Assistive Technology as Instructional Supports for Response to Intervention

Assistive Technology as Instructional Supports for Response to Intervention

Mary G. Curtis (The University of Texas at Brownsville, USA)
DOI: 10.4018/978-1-4666-8516-1.ch003
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This chapter examines current technology that may be used to enhance the learning process. Although technology changes rapidly on a near-daily basis, the hardware and software discussed here are currently available and being used to assist teachers in their presentations and to assist students in their learning. Assistive technology provides a unique manner in which to give students instructional supports in the classroom. From introducing new concepts to providing interactive repetition to alternative modes of assessment, technology has changed the modern-day classroom. Middle school and high school teachers clearly focus on their specific content area, but they may have trouble assisting students who exhibit learning problems. The technology in this chapter has been chosen specifically to satisfy that purpose.
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For most educators, the term assistive technology (AT) conjures images of daily living supports, such as wheelchairs, Braille writers, and large-screen computer monitors. However, the majority of students in special education do not need these types of supports. Rather, students experiencing information-processing problems from learning disabilities, Autism, Asperger’s, Down Syndrome, and numerous other conditions need instruction-based supports. Identifying suitable instructional supports is much more difficult and time consuming than finding the appropriate size or style of wheelchair or computer monitor.

Additionally, teachers often say that they use technology to teach, but this seldom means anything more than presenting a lesson via a projector or utilizing computer programs as rewards. Choosing to teach a lesson on a whiteboard instead of an overhead projector is not an example of implementing assistive technology, nor is it an instructional support. Instructional supports change a lesson’s presentation through videos or animation or change the student’s interaction through tactile engagement. Also, instructional supports format student assessments in different ways to help meet the different learning styles of students.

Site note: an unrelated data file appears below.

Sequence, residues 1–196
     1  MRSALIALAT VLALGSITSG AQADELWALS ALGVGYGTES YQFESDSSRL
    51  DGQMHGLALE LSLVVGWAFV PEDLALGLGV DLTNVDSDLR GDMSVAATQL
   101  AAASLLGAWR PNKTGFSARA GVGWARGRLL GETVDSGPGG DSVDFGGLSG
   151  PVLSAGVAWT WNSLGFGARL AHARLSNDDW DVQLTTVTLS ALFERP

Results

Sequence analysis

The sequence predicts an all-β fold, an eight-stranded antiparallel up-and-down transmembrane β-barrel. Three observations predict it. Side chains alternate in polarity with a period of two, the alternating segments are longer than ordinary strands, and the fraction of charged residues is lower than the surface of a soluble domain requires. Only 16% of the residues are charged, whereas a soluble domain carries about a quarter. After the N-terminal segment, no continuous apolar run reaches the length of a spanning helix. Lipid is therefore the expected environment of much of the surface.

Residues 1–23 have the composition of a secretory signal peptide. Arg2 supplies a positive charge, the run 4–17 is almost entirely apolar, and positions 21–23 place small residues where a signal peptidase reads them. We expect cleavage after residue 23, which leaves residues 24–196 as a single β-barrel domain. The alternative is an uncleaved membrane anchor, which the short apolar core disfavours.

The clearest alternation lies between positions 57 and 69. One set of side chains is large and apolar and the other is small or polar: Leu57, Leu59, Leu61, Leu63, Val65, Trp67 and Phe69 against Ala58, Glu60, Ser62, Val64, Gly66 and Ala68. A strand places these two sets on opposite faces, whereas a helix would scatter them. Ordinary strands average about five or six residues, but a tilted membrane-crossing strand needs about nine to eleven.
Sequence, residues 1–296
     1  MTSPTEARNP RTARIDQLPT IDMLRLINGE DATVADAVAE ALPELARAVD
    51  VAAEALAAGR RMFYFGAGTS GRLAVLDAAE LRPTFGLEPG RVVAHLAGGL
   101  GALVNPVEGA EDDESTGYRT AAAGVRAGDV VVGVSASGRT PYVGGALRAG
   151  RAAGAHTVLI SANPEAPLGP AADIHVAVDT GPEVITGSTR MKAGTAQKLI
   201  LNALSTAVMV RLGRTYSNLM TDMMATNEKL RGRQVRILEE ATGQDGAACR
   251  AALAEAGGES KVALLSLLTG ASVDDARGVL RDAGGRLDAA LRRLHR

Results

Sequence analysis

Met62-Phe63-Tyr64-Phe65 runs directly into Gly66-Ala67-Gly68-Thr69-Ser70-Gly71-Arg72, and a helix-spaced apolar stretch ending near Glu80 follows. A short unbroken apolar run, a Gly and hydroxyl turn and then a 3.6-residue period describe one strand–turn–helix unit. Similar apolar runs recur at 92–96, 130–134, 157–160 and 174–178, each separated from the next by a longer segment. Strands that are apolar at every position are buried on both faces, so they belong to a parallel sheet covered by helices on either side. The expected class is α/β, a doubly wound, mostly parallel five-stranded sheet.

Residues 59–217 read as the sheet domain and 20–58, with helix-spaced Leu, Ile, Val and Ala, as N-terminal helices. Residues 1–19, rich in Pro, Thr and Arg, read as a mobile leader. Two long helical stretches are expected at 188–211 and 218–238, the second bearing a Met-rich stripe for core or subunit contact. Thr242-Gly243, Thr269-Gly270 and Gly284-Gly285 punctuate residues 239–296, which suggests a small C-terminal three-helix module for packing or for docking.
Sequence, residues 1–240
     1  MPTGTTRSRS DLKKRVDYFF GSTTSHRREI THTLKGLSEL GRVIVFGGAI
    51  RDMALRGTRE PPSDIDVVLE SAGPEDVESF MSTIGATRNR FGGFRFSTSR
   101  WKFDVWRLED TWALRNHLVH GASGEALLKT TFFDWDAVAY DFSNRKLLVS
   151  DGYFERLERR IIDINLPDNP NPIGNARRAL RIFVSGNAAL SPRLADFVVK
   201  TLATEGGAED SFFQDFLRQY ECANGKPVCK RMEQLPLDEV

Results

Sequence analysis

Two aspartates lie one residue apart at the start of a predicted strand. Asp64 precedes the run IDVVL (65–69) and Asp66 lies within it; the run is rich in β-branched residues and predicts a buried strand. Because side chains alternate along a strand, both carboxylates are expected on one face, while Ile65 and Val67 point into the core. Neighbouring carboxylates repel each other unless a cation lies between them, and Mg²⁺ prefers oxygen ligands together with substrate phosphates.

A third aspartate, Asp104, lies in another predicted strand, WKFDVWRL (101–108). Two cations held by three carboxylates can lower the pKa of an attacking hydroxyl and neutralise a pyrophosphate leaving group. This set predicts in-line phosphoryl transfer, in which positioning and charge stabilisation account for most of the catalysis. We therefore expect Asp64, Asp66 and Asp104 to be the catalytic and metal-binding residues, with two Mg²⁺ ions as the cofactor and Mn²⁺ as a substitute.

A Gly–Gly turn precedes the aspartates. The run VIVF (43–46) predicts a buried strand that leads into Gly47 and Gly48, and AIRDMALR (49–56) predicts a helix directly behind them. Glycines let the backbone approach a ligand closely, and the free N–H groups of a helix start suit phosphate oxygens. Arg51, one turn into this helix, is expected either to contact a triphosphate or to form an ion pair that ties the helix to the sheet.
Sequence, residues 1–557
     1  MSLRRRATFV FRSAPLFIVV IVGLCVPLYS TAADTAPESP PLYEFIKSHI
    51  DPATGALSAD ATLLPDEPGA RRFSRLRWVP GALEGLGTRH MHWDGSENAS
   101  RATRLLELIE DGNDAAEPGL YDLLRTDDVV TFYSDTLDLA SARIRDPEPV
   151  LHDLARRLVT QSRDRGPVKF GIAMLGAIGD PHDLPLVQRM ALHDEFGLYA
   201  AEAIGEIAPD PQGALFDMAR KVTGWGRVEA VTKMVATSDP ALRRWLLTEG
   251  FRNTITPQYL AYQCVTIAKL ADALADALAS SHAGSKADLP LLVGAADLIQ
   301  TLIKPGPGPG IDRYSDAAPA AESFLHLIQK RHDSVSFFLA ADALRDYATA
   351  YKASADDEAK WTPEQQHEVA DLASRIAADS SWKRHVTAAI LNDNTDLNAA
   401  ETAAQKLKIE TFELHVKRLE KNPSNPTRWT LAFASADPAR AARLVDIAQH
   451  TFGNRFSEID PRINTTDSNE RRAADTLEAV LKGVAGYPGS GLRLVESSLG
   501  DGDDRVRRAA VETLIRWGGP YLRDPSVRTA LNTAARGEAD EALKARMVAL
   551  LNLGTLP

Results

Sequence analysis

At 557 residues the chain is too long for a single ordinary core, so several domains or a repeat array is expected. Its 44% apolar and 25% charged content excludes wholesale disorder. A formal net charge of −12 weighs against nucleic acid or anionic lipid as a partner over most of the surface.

This chapter will review AT tools as instructional supports and as a viable means to implement Response to Intervention (RTI). The National Association of State Directors of Special Education (as cited in Batsche et al., 2005) defined RTI as “the practice of providing high quality instruction and intervention matched to student need, monitoring progress frequently to make decisions about changes in instruction, and applying student response data to instructional decisions” (p. 3).

The programs and products discussed in this chapter are intended to help broaden teachers’ repertoires of strategies and interventions. This discussion is not an endorsement for these programs over others not listed. The information provided is based on both personal experience and publishers’ descriptions. This chapter is intended to guide teachers in the direction of available technology in order to help them make informed decisions and create engaging lessons that meet the diverse needs found in all classrooms.

Though most states require elementary school teachers to take one or two courses on including students with special needs in general classrooms along with their child development courses, middle and high school teachers seeking certification usually receive training only in their content area and basic pedagogy. Thus, predictably, many teachers in the upper grade levels struggle with RTI when making decisions about alternative instruction. Furthermore, as teachers struggle with middle school and high school behaviors typical of American teenagers, identifying older students at risk for school failure and students with special needs not yet identified becomes even more challenging.

Using technology, teachers can provide a variety of alternative interventions that target specific skill areas, such as reading, writing, and organizational skills. The No Child Left Behind (NCLB, 2002) Act, the Elementary and Secondary Education Act (ESEA, 1965), and the Individuals with Disabilities Education Act (IDEA, 2004) address instructional supports and specialized instruction in inclusive general education classrooms. Using technology to enhance instructional design can improve students’ learning (Mayer, 2009). Boyle et al. (2003) saw improved learning in high school content areas when students with mild learning disabilities used audio textbooks over traditional textbooks. In this study, Boyle et al. compared the effects of audio textbooks alone vs. audio textbooks plus a note-taking strategy vs. traditional textbooks alone. Both audio textbook groups had significant gains in comprehension over the students using just the traditional textbook. Although the note-taking strategy was not a factor in the learning, the audio textbooks were invaluable. When reading acquisition is not the goal, audio textbooks offer an effective strategy for teaching content courses.

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